The May 15 reporting requirement does not apply to entitlement authority or to omnibus social security legislation which deals with both trust fund and related programs. These two exemptions are essential for the proper functioning of the congressional budget process. Inasmuch as entitlement legislation may not be considered prior to passage of the first budget resolution (section 303), such legislation is exempted from the May 15 reporting deadline. As for the social security programs, the managers consider it prudent to enable the continuation of procedures for handling a number of related programs in the same legislation. Thus, social security benefits are directly related to supplemental security assistance for the aged, and medicare trust programs have a direct bearing on Medicaid benefits. The procedure established in section 402 allows the consideration of these programs in the same legislation even if reported after May 15.
Section 402(f). Study of Existing Spending Authority and Permanent Appropriations
The House bill would have barred the exercise of existing spending authority after October 1, 1978. This provision was intended to apply also to the exercise of permanent appropriations.
The conference substitute directs the Appropriations Committees to undertake continuing studies of existing spending authority (contract, borrowing, and entitlement authority enacted prior to the effective date of section 401) as well as studies of permanent budget authority (authority which becomes available without any current action by Congress). The Appropriations Committees are to report from time to time with recommendations to terminate or modify existing spending authority or permanent appropriations.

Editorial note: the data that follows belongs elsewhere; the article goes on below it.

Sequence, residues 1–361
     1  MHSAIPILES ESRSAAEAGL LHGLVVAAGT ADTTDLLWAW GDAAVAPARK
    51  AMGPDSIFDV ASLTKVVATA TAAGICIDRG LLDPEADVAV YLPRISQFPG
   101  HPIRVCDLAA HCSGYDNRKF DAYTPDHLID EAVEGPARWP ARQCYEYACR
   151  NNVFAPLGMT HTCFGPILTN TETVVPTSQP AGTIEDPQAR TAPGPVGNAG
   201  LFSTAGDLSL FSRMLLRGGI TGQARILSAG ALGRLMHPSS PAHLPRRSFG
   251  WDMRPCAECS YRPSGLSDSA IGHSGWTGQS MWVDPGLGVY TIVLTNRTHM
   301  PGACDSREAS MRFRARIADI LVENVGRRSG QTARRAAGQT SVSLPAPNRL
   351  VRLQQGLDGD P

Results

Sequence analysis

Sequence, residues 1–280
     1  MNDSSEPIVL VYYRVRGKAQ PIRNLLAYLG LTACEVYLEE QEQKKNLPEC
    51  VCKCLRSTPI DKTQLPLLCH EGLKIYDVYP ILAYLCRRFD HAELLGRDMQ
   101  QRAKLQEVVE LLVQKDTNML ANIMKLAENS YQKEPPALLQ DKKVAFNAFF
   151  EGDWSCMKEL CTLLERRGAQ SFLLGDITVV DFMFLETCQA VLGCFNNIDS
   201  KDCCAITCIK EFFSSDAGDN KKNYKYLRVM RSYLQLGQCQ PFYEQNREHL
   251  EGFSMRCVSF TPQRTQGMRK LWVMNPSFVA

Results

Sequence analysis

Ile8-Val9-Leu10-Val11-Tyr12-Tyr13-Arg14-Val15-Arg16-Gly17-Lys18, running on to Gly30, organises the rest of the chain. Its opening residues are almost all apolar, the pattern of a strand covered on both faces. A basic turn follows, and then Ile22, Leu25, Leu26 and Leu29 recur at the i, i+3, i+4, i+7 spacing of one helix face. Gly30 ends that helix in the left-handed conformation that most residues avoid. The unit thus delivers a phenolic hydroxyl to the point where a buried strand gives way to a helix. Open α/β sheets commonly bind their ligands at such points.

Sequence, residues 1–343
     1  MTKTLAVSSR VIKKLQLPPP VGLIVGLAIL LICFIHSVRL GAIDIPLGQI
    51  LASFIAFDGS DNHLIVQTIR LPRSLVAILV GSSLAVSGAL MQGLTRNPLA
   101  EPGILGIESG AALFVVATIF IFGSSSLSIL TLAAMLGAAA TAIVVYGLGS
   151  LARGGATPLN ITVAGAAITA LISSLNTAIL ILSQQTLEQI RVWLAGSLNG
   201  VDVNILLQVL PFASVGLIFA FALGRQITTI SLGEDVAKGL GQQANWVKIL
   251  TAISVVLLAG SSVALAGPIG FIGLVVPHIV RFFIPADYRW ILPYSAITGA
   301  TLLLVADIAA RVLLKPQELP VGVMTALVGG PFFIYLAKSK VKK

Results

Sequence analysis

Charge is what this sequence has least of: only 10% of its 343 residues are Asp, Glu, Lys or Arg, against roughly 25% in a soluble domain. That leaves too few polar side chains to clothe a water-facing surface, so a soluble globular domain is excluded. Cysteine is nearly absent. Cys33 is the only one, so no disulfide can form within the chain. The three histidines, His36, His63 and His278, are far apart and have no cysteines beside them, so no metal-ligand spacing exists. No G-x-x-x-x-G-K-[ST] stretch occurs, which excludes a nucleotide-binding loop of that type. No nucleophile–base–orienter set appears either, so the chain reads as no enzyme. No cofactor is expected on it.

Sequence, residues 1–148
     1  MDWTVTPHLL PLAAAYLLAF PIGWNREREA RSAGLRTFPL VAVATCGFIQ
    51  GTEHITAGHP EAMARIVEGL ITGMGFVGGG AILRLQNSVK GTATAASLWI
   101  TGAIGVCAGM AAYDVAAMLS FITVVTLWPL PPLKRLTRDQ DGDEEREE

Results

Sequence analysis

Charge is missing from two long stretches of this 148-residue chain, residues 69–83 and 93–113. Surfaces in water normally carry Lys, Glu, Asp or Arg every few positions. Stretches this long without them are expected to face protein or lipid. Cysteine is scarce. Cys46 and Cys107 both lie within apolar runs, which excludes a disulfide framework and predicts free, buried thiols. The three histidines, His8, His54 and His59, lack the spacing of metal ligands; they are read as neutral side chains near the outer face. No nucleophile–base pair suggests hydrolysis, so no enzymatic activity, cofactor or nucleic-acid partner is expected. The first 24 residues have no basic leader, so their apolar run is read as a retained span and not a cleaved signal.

[Joint Explanatory Statement on the Committee of Conference on H.R. 7130; (Committee Print), Committee on the Budget, House of Representatives, 93d Congress, 2d Session, Washington D.C. 1975.]
Sec. 401. Budget-Related Legislation Not Subject To Appropriations (CBA, as Amended)
Classification to the U.S. Code
This section was formerly classified to 31 U.S.C. 352.
Legislative History Notes
Pub. L. 93–344, §402, July 12, 1974, 88 Stat. 318. The Congressional Budget and Impoundment Control Act of 1974 enacted this section into law.
Revision of title 31 of the u.s. code
Most of the Congressional Budget Act of 1974 was classified to Title 31 of the U.S. Code but has since been transferred either to title 2 (The Congress) or to a revised Title 31. See the following for more information:
- Pub. L. 97–258, §1, Sept. 13, 1982, 96 Stat. 877
- Title 31 Revision and Codification Law of 1982
- Revision of Title 31
- Table on the House Law Revision Counsel Website.
[BCR § 100E]